Just saw this over at RPGO. Very cool. Brings alot of the mystery and mayhem that should be associated with magic back to it. This is the kind of casting that is creepy and much more interesting than, "I have 4 slots for spells today... Magic Missle and 3 others..."Regards, Walt
Interesting stuff. My one quibble would be with "invisible thoughts" vs. "physical world." Thoughts are physical, they are electrical impulses in select brain neurons. While the characters in the game wouldn't understand this, they likely wouldn't also understand that air is physical.So this philosophy underlies the magic in Voyage of Discovery?
Thoughts might be electrical impulses, but transmitting those impulses from mind to the next is not the sort of thing magic can do in Voyage of Discovery.Whether or not its even possible is a question outside my field of knowledge. My sense is you'd be much more likely to just fry the other person's brain with electricity.Now *that* you could do in the setting. Also, when a character in the setting controls wind, he's not generating it, he's moving it from somewhere else. There also wouldn't be any sort of "create water" spell or create anything for that matter. You might move something from a to b, but you aren't going to create it out of nothing. But yes, these are the "rules" of magic in the setting. Again emphasizing that as "rules" they are made to be broken, as opposed to Rules (like, say, how feats work).In short, they can be broken with the game master's permission. I just feel it's important to lay down the law, so everyone KNOWS when the rules are being broken, to prevent Doctor Strange Syndrome. Also, in case it's not clear, this is a sword and sorcery setting mixed with the Age of Enlightenment.That's the reason I chose this particular set of rules. Changint the weather? Curing disease? Sure.Channelling the spirits of the dead? Summoning demons? Making one person love another? These are things that even within the setting are rumors, if not outright superstition. In short, I wanted magic to have a feedback loop with the developing sciences of the Age of Enlightenment, not something that nullifies them.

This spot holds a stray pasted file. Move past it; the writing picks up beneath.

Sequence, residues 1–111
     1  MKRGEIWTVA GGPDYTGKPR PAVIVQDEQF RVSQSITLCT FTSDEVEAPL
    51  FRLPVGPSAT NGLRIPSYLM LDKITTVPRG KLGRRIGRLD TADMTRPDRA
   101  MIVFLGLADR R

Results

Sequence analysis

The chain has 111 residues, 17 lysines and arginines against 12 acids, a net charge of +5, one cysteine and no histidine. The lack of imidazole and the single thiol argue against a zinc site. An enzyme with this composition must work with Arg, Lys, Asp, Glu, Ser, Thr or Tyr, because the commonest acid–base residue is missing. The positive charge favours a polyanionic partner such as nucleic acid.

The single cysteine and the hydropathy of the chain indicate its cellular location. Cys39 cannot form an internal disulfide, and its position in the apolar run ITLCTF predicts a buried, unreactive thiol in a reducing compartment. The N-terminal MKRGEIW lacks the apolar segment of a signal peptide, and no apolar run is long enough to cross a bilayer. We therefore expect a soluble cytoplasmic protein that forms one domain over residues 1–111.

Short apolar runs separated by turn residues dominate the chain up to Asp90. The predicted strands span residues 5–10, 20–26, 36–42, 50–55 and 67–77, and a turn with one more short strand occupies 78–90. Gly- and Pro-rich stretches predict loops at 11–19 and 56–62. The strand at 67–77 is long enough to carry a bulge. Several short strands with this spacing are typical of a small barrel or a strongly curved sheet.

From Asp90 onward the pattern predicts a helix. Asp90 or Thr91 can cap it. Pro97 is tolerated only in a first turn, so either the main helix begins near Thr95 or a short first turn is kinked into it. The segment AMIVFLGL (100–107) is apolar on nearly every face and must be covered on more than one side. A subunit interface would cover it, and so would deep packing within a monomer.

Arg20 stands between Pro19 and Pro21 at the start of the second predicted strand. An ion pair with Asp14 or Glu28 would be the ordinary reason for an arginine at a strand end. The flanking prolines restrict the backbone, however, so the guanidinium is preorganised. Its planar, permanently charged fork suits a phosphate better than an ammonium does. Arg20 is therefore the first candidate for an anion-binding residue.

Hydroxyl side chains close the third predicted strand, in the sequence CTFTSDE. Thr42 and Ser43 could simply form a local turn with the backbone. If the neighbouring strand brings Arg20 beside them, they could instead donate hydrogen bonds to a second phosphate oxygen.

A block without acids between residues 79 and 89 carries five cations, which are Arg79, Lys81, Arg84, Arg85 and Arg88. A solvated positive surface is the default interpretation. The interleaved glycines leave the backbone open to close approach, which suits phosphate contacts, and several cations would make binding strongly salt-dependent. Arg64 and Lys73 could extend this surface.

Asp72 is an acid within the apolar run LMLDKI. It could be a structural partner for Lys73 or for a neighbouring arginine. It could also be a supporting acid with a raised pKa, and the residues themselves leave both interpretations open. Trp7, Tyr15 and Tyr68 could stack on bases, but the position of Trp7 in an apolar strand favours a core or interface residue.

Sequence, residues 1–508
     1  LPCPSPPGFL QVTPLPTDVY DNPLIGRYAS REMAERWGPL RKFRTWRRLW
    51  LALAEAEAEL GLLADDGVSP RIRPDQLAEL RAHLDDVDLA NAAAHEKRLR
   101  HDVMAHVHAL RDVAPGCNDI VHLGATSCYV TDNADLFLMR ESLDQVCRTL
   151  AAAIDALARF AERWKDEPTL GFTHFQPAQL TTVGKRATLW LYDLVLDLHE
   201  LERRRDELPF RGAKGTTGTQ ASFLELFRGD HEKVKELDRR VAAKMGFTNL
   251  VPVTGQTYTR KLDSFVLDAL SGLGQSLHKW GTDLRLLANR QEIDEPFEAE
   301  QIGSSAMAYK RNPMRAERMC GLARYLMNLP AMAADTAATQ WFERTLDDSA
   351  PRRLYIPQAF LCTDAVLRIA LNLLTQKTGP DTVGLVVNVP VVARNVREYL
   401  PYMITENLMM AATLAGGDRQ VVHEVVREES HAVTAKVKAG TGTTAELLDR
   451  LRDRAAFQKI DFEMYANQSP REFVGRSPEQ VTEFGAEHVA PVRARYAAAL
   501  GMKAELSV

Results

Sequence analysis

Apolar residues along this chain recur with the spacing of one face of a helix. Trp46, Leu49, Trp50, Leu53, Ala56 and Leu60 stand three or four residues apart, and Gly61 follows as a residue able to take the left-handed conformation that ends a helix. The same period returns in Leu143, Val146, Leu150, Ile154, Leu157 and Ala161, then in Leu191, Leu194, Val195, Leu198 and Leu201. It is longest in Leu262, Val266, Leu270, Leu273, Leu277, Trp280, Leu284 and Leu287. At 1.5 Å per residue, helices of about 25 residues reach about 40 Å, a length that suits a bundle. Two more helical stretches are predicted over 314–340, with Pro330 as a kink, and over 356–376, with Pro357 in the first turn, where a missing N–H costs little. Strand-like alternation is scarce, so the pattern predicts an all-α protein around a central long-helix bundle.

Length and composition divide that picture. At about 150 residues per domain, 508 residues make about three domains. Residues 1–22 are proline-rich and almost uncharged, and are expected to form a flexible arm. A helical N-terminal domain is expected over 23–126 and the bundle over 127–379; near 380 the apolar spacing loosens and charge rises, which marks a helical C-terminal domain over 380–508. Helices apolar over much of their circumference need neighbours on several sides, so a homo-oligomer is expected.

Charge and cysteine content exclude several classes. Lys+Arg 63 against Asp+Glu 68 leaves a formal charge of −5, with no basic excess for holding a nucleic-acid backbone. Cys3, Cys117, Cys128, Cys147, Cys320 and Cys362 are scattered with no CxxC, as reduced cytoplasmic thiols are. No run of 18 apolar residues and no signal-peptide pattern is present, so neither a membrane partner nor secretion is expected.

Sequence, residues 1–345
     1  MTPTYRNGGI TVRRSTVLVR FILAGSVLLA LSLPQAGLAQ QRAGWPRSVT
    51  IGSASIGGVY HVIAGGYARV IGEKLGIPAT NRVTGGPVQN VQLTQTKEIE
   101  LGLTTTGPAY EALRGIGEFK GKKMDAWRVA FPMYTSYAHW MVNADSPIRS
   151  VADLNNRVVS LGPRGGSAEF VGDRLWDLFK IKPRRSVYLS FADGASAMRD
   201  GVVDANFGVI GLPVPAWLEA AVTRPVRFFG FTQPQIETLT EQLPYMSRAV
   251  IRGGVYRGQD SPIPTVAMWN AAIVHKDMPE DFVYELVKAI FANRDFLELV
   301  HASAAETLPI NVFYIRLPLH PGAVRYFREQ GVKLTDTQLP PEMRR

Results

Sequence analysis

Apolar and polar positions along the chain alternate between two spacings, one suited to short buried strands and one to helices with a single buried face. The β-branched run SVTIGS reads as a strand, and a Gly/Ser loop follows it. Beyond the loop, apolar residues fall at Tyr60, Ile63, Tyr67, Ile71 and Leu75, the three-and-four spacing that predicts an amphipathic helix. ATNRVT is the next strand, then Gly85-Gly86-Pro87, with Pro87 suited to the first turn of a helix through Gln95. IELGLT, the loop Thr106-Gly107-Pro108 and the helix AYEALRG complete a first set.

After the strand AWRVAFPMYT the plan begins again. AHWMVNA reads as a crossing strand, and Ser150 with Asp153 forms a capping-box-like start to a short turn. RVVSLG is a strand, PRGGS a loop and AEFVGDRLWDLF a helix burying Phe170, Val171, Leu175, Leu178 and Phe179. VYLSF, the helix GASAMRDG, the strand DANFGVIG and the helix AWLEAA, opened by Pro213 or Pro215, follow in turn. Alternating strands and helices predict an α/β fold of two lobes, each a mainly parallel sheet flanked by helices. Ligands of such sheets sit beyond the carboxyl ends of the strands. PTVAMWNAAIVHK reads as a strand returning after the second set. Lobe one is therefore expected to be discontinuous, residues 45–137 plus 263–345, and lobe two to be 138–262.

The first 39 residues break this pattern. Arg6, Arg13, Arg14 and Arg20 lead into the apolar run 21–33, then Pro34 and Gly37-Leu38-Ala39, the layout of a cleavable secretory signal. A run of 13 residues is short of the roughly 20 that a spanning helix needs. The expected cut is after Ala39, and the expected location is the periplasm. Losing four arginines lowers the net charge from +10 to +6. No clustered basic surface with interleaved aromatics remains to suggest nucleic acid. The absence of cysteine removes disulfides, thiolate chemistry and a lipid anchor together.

Also, I think in a 19th century technological level the idea of air as a physical manifestation wouldn't be out of bounds.You can feel air on your skin. Air can move a ship. Air can knock down a building if strong enough. But if you were a player at my table, my response would be "You have no idea why it works that way. It just does. Perhaps in the future science will be able to explain it."Of course, if your Academics were sufficiently high, that scientist might even be you.
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